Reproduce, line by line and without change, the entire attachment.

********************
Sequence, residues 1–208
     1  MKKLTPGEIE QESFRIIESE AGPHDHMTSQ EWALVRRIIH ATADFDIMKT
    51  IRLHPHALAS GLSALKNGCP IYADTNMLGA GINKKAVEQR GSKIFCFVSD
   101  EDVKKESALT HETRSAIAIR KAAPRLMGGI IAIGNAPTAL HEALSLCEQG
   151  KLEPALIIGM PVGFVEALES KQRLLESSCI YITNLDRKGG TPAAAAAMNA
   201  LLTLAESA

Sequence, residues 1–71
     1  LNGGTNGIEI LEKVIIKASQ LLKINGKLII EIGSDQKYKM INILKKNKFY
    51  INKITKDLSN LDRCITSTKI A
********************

Sequence, residues 1–208
     1  MKKLTPGEIE QESFRIIESE AGPHDHMTSQ EWALVRRIIH ATADFDIMKT
    51  IRLHPHALAS GLSALKNGCP IYADTNMLGA GINKKAVEQR GSKIFCFVSD
   101  EDVKKESALT HETRSAIAIR KAAPRLMGGI IAIGNAPTAL HEALSLCEQG
   151  KLEPALIIGM PVGFVEALES KQRLLESSCI YITNLDRKGG TPAAAAAMNA
   201  LLTLAESA

Sequence, residues 1–71
     1  LNGGTNGIEI LEKVIIKASQ LLKINGKLII EIGSDQKYKM INILKKNKFY
    51  INKITKDLSN LDRCITSTKI A